Figure 1 provides a Crazy Woman Creek-Powder River drainage divide area general location map. The South Fork Powder River begins southwest of Powder River, Wyoming and flows northeast to join the southeast-oriented North Fork and northeast-oriented Middle Fork Powder River east of Kaycee, Wyoming and the combined Powder River then flows north and northeast into Montana where it joins the northeast-oriented Yellowstone River (not shown in figure 1). The southeast-oriented North Fork Powder River originates west of the Bighorn Mountain crest. Crazy Woman Creek is a southeast and northeast-oriented Powder River tributary located east and south of Buffalo, Wyoming. Southeast-oriented Crazy Woman Creek headwaters also originate in the Bighorn Mountains. The Crazy Woman-Powder River drainage divide area discussed here is located in the Powder River Basin east of the Bighorn Mountains. East of the Crazy Woman-Powder River drainage divide area addressed here are the Powder River-Belle Fourche River and Wyoming’s Belle Fourche River-Cheyenne River drainage divide areas. North and west of the Crazy Woman Creek-Powder River drainage divide area is northeast-oriented Clear Creek the Clear Creek-Crazy Woman Creek drainage divide area evidence. Essays describing these and other regional drainage divide areas can be found under Powder River or other appropriate river names on the sidebar category list. Landform evidence in the Crazy Woman Creek-Powder River drainage divide area is interpreted here to have originated during an immense southeast-oriented flood where flood waters moved southeast from Montana to flow across the Powder River Basin to what is now the east-oriented Cheyenne River drainage basin, where headward erosion of deep valleys around the Black Hills south end captured the flood waters and diverted the flood waters east and northeast into South Dakota. Headward erosion of the northeast-oriented Belle Fourche River next captured the flood waters and diverted at least some flood waters around the Black Hills north end. Next headward erosion of the deep north and northeast-oriented Powder River valley captured the flood waters and diverted flood flow further northeast and north. Headward erosion of the Crazy Woman Creek valley next captured flood waters to the newly eroded north-oriented Powder River valley and subsequently headward erosion of the Clear Creek valley captured flood flow moving to the newly eroded Crazy Woman Creek valley. However, the essay concludes with evidence some flood waters eroding the Crazy Woman Creek valley flowed southeast across what is today the Bighorn Mountain crest south end (along what is today the North Fork Powder River valley route) and those flood waters were captured by deep North Fork Powder River valley headward erosion.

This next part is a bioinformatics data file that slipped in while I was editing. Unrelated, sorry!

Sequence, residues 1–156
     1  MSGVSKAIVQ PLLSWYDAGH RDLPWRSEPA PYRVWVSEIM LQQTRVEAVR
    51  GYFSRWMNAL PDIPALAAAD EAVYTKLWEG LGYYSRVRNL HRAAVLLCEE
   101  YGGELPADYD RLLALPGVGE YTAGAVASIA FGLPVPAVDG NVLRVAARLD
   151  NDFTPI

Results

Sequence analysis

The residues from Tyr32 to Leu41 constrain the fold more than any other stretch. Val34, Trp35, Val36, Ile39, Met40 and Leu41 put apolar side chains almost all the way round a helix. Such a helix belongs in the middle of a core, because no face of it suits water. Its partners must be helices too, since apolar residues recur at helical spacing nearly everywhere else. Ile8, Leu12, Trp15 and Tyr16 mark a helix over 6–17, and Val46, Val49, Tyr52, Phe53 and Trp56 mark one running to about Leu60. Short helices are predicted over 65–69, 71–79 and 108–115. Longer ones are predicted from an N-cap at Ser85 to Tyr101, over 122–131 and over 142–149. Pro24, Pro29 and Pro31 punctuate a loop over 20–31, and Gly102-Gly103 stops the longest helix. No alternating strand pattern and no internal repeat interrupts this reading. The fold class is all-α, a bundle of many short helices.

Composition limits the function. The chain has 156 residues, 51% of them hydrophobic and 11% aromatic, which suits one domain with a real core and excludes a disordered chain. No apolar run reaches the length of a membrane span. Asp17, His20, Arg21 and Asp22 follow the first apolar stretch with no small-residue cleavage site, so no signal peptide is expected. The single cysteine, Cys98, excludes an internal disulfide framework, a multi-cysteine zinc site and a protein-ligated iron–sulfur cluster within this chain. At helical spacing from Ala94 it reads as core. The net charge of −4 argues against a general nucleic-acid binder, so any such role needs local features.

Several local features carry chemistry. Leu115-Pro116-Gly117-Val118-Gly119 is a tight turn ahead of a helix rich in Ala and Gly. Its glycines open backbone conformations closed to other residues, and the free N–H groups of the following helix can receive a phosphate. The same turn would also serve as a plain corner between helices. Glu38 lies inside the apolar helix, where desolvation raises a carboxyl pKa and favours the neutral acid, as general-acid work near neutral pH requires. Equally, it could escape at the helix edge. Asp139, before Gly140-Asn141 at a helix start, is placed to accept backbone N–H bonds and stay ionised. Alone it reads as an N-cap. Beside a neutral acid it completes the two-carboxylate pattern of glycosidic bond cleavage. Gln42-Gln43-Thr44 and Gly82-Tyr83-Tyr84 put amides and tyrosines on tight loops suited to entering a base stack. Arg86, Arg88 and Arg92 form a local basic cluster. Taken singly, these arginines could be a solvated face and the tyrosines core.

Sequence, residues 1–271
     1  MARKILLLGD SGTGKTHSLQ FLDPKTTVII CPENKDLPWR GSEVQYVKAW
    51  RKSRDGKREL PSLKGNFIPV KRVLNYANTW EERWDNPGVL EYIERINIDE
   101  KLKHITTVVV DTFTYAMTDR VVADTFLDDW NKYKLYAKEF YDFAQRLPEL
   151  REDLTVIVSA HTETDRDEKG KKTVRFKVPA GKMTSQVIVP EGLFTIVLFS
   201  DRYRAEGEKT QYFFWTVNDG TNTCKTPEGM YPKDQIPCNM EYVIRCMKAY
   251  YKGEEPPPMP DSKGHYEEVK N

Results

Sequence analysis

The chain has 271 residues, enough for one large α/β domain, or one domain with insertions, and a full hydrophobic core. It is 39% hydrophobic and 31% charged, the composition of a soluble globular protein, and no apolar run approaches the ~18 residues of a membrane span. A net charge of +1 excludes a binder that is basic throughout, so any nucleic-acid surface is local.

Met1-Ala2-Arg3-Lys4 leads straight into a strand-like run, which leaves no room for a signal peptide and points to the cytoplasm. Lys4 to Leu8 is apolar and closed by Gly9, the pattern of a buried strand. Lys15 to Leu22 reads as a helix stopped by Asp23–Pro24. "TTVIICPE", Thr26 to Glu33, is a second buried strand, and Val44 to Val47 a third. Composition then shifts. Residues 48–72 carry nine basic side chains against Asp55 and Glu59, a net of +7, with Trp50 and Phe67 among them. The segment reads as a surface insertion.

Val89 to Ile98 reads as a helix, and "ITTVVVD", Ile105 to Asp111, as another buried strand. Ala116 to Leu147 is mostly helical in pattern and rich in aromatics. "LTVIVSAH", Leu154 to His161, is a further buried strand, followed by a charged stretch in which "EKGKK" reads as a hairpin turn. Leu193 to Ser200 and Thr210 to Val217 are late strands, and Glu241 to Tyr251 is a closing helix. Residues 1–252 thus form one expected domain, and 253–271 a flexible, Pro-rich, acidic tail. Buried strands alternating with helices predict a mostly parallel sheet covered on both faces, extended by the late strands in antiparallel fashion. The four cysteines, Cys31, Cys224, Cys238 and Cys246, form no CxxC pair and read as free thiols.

Crazy Woman Creek-Powder River drainage divide area detailed location map